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Be the first one to mind the gap by filling in the missing word as a comment and get your name in the blog along with a sweet new BenchFly mug!

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UPDATE: Congratulations to Carolien – this week’s winner of Mind the Gap!

About the winner: Carolien is a post-grad student from Stellenbosch University, South Africa. Trying to find ways to use nematodes in orchards as biological control agents and explaining that to people over casual dinner conversations. [Follow Carolien on Twitter]

About the prize: In addition to fame and glory beyond their wildest dreams, winners receive our new hot-off-the-presses large (15 oz) BenchFly mug to help quench their unending thirst for scientific knowledge… or coffee.

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Miss a previous edition of Mind the Gap? Shame on you! Don’t worry – we’ve got you covered:

All Work and No Play Makes Katie RSI Prone

Sexual Identity and Autocrine Stimulation: Oh, To Be Teenage Yeast

On Wine, Sunburns and the Tendency of Headlines to Mislead

Which Came First: The Opossum or the Snake?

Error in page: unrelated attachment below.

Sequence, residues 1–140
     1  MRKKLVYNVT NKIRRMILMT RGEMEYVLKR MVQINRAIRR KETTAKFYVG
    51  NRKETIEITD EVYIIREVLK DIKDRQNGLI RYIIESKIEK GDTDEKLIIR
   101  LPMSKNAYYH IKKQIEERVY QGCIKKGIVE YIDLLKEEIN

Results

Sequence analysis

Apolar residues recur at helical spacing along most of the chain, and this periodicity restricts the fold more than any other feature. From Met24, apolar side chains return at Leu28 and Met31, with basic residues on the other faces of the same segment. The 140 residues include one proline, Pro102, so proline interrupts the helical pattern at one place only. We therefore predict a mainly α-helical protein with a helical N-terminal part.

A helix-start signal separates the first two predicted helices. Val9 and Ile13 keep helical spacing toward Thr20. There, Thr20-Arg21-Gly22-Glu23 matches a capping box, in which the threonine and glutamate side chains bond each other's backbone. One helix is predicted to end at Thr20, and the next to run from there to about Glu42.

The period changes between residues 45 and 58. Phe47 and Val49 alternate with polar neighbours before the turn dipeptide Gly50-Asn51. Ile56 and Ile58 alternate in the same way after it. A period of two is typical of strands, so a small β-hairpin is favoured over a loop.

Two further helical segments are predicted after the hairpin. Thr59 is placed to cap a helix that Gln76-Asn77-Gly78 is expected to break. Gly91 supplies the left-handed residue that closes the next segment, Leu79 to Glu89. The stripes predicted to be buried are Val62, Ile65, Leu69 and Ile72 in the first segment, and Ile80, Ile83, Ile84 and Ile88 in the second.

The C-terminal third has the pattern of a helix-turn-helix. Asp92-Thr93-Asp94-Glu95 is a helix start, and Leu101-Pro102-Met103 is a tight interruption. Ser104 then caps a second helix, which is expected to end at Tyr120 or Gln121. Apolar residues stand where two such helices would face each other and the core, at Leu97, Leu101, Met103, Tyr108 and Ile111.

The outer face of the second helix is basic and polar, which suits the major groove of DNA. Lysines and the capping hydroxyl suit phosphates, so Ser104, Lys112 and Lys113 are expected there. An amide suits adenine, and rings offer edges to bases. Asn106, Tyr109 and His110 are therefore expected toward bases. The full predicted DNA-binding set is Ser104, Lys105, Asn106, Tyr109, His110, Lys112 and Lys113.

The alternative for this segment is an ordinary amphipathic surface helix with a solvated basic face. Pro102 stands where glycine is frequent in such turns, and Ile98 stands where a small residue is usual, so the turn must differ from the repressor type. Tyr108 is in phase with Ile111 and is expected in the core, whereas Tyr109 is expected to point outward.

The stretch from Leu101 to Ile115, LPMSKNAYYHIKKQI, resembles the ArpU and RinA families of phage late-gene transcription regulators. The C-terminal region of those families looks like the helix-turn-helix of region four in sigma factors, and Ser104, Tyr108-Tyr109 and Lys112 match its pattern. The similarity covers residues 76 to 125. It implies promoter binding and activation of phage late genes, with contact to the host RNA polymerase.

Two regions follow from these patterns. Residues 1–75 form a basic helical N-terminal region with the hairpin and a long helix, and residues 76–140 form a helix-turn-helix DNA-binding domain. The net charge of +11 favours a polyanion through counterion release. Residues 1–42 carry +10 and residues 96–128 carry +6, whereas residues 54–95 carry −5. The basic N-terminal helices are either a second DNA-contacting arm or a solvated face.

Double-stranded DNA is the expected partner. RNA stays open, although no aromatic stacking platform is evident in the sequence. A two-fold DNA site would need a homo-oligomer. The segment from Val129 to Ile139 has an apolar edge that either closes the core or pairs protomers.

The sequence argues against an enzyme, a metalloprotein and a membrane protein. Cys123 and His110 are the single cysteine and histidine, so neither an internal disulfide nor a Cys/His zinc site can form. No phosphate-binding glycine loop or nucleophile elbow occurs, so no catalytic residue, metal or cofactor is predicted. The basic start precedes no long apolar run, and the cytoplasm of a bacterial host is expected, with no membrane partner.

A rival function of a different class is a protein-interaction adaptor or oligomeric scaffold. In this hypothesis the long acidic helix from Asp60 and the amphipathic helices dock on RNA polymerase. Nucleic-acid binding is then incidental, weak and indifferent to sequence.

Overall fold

Pigeons Know a Crazy Woman When they See One

To Boldly Go Where No Worm Has Gone Before

Another One Bites the Dust: Rinderpest Eradicated

Scientists Just Wanna Have Fun (Like Uncaged Monkeys)

Mosquitoes Eating You Alive? Cheesy Feet Could be the Problem

Dirty Mouth? Clean it Up with Cancer Screening

Because in Space…It’s Always 5 O’Clock Somewhere

Curry: Now Good for Detecting Explosions, Not Just Causing Them

So You Thought Eating Poop Was Bad For You?

Are Fatty Acids the Cure for PMS?

Botanical Sleuthing Recovered Endangered Daisy

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12 comments so far. Join The Discussion

  1. Priyanka

    wrote on September 28, 2011 at 2:20 pm

    Carbon Dioxide Sponge

  2. Priyanka

    wrote on September 28, 2011 at 2:21 pm

    Edible Carbon Dioxide Sponge

  3. Priyanka

    wrote on September 28, 2011 at 2:27 pm

    OR IS IT.. cyclodextrin-metal-organic framework

  4. Priyanka

    wrote on September 28, 2011 at 2:31 pm

    Edible Carbon Dioxide Candy

  5. LeBiochimiste

    wrote on September 28, 2011 at 2:32 pm

    CD-MOF!

  6. alan@benchfly

    wrote on September 28, 2011 at 2:35 pm

    SO close!

  7. Carolien

    wrote on September 28, 2011 at 2:39 pm

    CD-MOF-2

  8. proteinwrangler

    wrote on September 28, 2011 at 2:40 pm

    CD-MOF-2!!!!

  9. Priyanka

    wrote on September 28, 2011 at 2:40 pm

    CD-MOF 2

  10. alan@benchfly

    wrote on September 28, 2011 at 2:42 pm

    We've got a winner!!

  11. jimbot

    wrote on September 28, 2011 at 4:46 pm

    If you eat it, does it give you gas?

  12. alan@benchfly

    wrote on September 28, 2011 at 4:56 pm

    That's the CO2 to methane conversion…